Many attractions throughout the city highlight the impact of these and later Swedish immigrants and their descendents.

Haight Village is a 13 block area named for Daniel Shaw Haight, the first person to build a home on the east side of the river. It includes about 100 structures built primarily between the mid 1800s and 1890s and is on National Register of Historic Places.

Erlander Home Museum , Rockford, Illinois
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Erlander Home Museum , Rockford, Illinois

A highlight is the 1871 Italianate home of furniture manufacturer John Erlander, now the Erlander Home Museum and center of Swedish culture and history.

 Swedish Historical Society plaque, Erlander Home Museum
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Swedish Historical Society plaque, Erlander Home Museum

This was the first brick home built for a Swedish family in Rockford and some of the furnishings, like the house, were acquired from John Erlander’s daughter, Mary.

Erlander Home Museum, Rockford, Illinois
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Erlander Home Museum, Rockford, Illinois

The rest were donated, like the kakelugn (tile stove), a gift from the City of Stockholm. Swedish Prime Minister Tage Erlander officiated at the museum’s dedication in 1952.

Erlander Home Museum, Rockford, Illinois
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Erlander Home Museum, Rockford, Illinois

The second floor contains many artifacts related to Swedish immigration and Rockford’s Swedish heritage.

Erlander Home Museum, Rockford, Illinois
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Erlander Home Museum, Rockford, Illinois

Pleasant Company, maker of the American Girl Doll, featured photographs taken here in one of their books.

The bachelor’s dresser with a top drawer that pulls down to reveal a writing desk and small compartments was made by C. J. Lundholm, who learned his craft in Sweden and worked alone, from tree cutting to finished product.

painted cabinet, Erlander Home Museum
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painted cabinet, Erlander Home Museum

Other pieces, like the aqua chest in the kitchen, were made by knitting machine inventor John Nelson when he was a furniture maker.

secretary desk at Erlander Home Museum desk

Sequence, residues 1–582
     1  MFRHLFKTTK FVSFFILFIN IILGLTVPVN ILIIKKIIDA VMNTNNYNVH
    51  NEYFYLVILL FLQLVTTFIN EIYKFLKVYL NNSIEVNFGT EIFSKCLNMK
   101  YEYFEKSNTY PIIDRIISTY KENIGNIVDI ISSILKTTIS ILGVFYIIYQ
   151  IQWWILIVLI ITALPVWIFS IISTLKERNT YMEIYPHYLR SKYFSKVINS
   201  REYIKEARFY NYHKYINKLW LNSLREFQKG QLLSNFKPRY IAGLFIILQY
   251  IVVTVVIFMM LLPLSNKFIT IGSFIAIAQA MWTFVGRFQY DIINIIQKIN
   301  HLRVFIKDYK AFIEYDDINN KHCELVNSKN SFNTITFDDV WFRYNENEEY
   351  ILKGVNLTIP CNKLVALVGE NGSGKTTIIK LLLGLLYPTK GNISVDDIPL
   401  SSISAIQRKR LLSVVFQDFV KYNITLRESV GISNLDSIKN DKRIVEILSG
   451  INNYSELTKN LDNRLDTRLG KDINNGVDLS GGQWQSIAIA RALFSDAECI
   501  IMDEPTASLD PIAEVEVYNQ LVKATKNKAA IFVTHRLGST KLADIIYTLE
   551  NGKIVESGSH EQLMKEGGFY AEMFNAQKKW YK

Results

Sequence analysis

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secretary desk at Erlander Home Museum desk

John Erlander worked as a tailor before coming to America and in 1862 opened Rockford’s Erlander and Johnson Tailoring and Men’s Clothing Shop. His large secretary desk was a gift from Union Furniture Company, where he served as president.

Anderson Japanese Gardens, Rockford, Illinois
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Anderson Japanese Gardens, Rockford, Illinois

Rockford’s John Anderson traveled to Japan and after visiting Portland Gardens hired same architect to build a Japanese garden in back of his home. In 1998 he and his wife, Linda, endowed it to the community. Anderson Japanese Gardens has been named Best in North America by the Roth Journal of Japanese Gardens.

Anderson Japanese Gardens, Rockford, Illinois
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Anderson Japanese Gardens, Rockford, Illinois

The twelve acre 12th century style “pond strolling” garden includes pagodas, pools. lanterns, waterfalls, and Sukiya-style buildings, as well as original bronze angel statues by Sweden’s Carl Milles. It has been designated one of the 150 Great Places by the American Institute of Architects for its contribution to the community’s way of life.

Swedish pancake with lingonberry by the Stockholm Inn, Rockford, Illinois
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Swedish pancake with lingonberry by the Stockholm Inn, Rockford, Illinois

The Stockholm Inn is owned by a group of local investors known as the Lingonberry Group. By popular demand their world famous Swedish pancakes, served with lingonberries, are available all day long. The inn features Carl Larsson Rooms decorated with the Swedish artist’s work.

3 Comments

  1. We have a China cabinet with curved glass door, 2 sections of glass on each side of door, 2 glass sections on each side. It’s dark wood. Turned legs, 4 on each side with a cross piece in the middle. It’s 5’3″ tall.4 ‘2″ wide. 14″” in depth. Has 3 shelf plus the bottom, which would be the 4th.

    • It sounds like a beautiful cabinet.Do you know whether it was made in Rockford?

  2. we have a sectarian /bookcase / curio cabinet ,we believe that is what it is..so nice …just do not know how old it is